Job Description of a Spiritual Leader—1 Thessalonians 2:1-20

What do we expect from a great leader? I'm sure the people of any congregation could compile quite a list of expectations, but would it reflect what God desires from the leadership of His church?

Rather than living their lives to please a "list," pastors and spiritual leaders need a job description that is not influenced by opinion, experience, or a caricature of a pastor. In 1 Thessalonians chapters 1 and 2, we have Paul's heart and ministry, modeled and described. From this amazing story and example we can deduce what a spiritual leader's job description should look like, and/or what his cumulative resume might contain. This passage also tells us why the Thessalonians stayed true and the church grew at a remarkable pace. It didn't just happen; certain elements made it strong.

Paul's Heart and Ministry Modeled and Described

As we study 1 Thessalonians 2:1-20, we see an outline of Paul's

His Ministry—vv. 1-2

First Thessalonians reveals Paul was:

A Successful Initiator—v. 1

"(For) You know, brothers, that our visit to you was not a failure." (The conjunction for implies that what follows is a reason, cause, or main contributor to what precedes in chapter 1.)

One of the characteristics of leaders used of God is that they don't wait for meaningful ministry to come to them. One of the elements that contributed to the results we see in 1 Thessalonians was Paul's initiative in making a visit. Review 1 Thessalonians 1:1-10; Paul's actions are very clear.

Paul's initiative sponsors a question. Should spiritual leaders wait for meaningful ministry to come to them or be given to them? Sometimes waiting is an essential element in determining God's will, but most often ministry is revealed to us as we are doing what we already know to do. God directs a moving servant. Paul initiated his "visit" to the Thessalonians in the first place. and we see him model this initiative throughout the book of Acts. (See Acts 16:1-12.)

A good percentage of the will of God has already been given to us in Scripture. If we obey the commands, the rest will be revealed to us (e.g. Matt. 28:19; 1 Thess. 4:1-7, etc.).

Another characteristic of the resume/job description of a spiritual leader is one most would love to avoid. If a leader is going to be effective in ministry, however, he/she will eventually be:

.A Seasoned Sufferer —v. 2a

"We had previously suffered and been insulted in Philippi, as you know..."

The suffering Paul alludes to here is described in Acts 16:16-28. It is interesting to read Acts 16 and then try to picture how that experience influenced him as he walked into Thessalonica. He mentions one of the specific illustrations of his suffering: the insults he received. "Insult" means haughty insolence on the part of oppressors. No healthy person likes suffering or insults, but if we cooperate with God, we can learn to grow and minister through suffering.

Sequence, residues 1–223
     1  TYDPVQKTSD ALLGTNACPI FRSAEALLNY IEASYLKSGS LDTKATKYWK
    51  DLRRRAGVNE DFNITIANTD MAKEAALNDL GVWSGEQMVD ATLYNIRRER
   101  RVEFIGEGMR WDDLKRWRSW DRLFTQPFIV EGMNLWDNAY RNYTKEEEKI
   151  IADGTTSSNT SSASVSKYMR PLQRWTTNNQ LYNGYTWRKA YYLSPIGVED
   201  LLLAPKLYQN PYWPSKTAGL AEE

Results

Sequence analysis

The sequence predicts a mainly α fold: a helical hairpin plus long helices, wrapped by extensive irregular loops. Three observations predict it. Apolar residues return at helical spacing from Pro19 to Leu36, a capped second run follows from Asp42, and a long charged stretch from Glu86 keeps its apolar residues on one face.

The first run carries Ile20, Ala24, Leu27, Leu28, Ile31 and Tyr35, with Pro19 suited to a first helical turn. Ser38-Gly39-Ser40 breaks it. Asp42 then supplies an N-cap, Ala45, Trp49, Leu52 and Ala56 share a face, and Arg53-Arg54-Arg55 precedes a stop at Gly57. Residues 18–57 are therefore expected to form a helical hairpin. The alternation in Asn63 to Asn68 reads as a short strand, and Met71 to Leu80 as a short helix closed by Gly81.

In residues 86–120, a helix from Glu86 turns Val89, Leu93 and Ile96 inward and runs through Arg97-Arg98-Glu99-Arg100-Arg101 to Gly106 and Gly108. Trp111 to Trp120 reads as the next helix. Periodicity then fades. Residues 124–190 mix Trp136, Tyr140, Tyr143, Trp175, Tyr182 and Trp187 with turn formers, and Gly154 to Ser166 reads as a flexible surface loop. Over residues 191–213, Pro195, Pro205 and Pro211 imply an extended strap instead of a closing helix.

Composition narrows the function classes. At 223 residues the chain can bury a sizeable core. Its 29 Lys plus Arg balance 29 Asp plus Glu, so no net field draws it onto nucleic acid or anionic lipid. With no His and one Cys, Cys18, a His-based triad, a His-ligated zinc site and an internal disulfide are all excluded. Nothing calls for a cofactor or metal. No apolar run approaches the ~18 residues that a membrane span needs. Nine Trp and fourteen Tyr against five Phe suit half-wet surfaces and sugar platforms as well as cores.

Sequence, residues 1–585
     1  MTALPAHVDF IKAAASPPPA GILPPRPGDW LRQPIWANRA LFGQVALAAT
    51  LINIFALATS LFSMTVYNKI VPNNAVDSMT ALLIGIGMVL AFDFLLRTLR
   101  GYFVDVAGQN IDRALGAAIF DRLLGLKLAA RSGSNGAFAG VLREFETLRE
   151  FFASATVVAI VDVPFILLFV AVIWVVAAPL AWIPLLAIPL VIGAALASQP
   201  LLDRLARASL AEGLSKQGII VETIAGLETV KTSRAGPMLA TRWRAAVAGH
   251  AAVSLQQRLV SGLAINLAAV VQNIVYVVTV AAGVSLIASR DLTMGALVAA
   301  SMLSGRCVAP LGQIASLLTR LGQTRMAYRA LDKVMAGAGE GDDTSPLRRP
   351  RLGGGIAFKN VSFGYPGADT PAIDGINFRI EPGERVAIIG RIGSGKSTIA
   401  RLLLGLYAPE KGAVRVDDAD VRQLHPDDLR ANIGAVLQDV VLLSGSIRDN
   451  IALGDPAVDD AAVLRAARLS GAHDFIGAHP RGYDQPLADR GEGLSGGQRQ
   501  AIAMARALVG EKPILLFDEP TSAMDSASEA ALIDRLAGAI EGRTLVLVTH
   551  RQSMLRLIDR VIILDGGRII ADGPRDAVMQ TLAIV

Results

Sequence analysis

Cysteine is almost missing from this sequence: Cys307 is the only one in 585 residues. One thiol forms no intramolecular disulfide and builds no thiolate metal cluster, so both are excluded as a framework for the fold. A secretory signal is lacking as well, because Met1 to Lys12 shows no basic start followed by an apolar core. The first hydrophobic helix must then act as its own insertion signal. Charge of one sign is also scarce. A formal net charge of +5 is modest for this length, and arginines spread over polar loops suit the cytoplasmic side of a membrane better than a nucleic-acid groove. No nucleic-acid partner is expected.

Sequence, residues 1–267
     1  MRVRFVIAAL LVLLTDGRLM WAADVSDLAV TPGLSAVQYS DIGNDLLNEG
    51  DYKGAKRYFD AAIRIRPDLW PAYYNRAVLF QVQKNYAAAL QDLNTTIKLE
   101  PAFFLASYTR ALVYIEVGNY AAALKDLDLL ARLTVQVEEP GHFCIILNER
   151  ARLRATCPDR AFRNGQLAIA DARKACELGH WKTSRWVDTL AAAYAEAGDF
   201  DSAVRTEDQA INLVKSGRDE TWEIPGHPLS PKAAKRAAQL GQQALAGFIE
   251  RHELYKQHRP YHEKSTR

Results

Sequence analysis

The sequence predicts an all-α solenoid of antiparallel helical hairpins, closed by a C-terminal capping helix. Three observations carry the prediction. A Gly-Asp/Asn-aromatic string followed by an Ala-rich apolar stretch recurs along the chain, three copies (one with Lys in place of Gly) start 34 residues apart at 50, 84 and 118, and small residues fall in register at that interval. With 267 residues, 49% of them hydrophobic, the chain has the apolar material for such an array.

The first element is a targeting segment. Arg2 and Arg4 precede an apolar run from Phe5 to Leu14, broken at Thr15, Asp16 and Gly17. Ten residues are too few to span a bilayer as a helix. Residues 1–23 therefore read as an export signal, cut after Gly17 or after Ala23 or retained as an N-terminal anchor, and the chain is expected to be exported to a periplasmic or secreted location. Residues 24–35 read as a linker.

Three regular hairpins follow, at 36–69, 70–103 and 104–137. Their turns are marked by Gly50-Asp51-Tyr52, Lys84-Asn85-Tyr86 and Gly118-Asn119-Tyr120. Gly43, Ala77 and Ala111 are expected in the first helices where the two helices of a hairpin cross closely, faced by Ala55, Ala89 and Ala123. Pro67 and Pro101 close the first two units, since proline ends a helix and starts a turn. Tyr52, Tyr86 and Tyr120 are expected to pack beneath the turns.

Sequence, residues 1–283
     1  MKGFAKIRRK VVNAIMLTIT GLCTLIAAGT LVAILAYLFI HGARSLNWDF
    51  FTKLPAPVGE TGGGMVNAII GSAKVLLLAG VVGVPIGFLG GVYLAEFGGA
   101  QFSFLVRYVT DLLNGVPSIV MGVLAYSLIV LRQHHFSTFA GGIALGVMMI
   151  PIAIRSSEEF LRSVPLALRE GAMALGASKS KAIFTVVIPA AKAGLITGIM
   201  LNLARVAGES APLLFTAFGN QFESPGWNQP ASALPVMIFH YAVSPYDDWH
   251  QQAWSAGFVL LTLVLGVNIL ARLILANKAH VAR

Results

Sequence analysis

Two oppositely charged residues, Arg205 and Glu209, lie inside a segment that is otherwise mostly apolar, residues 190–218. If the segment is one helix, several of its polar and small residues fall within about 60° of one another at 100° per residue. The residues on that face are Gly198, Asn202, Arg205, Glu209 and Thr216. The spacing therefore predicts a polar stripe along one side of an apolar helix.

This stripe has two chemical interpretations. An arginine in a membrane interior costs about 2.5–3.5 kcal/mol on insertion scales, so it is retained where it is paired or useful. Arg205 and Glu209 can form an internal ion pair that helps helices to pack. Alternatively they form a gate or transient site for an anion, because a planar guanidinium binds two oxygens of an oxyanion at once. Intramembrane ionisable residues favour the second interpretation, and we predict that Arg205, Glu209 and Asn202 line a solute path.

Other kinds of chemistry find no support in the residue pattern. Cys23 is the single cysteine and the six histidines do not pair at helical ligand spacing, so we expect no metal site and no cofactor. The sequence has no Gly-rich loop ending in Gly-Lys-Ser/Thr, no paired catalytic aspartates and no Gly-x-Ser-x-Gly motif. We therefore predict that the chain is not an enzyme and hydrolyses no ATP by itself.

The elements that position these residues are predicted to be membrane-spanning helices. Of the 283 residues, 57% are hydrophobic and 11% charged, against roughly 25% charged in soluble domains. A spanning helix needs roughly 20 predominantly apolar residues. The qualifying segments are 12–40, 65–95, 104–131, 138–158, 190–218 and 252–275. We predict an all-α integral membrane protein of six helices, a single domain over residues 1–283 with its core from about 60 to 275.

The results of that suffering can be seen in two principles:

  1. Suffering is the water for spiritual growth. Without it we might not grow.
  2. The world is fed with broken bread—Ps. 51:17.

Paul came to Thessalonica fresh from an experience of suffering to see God use him in a wonderful way. This, by the way, is what often happens today. A high percentage of those who have a hurtful church experience—some who are even forced to leave—follow up that experience with a very successful ministry. (See survey results in "Forced Exits: Personal Effects")

A Daring Evangelist/Teacher—vv. 2b, 13.

v. 2b—"but with the help of our God we dared to tell you his gospel in spite of strong opposition." v. 13—"And we also thank God continually because, when you received the word of God, which you heard from us..."

Notice the two key words show the human and supernatural elements working together.

The implication is that we need to have a daring evangelism strategy, but we are completely reliant on God for the strategy and its success. As a church, we felt at one point in our ministry that we had one of two options to choose from:

We chose the force concept, which in summary means that everyone in the church is responsible to share the gospel with those around them wherever they find themselves, seven days a week. The outreach of the church is not limited to a building or service times, but the church by definition is to be "a dynamic force of people filled with the Spirit called to meet people's needs whenever and wherever they find them."

The church is to dare to tell you the gospel even if there is strong opposition, but its people can't do this by themselves. The help/enablement comes from God as He fills each person with His Spirit and calls/nudges and enables them to use their gifts in the Church gathered and scattered. Spiritual gifts are for the marketplace, too. The result of this philosophy of ministry is that most people are won to the Lord apart from our services.

What's your daring approach? How do you personally know you are receiving help from God in your witness, e.g., no fear, words flow, memory is sharp, etc. What happens to you and your strategy when opposition occurs?


His Message. vv. 2b-3a —

"...but with the help of our God we dared to tell you his gospel in spite of strong opposition. 3] For the appeal we make does not spring from error..."

Notice how specific Paul is. He makes it clear it is

God's gospel—v. 2

This gospel is not something made up. If someone were to ask you what the gospel is, what would you say? Are we sharing the whole gospel? Take another look at what the gospel consists of; write it down and be prepared to explain it to someone else.

Free from error—v. 3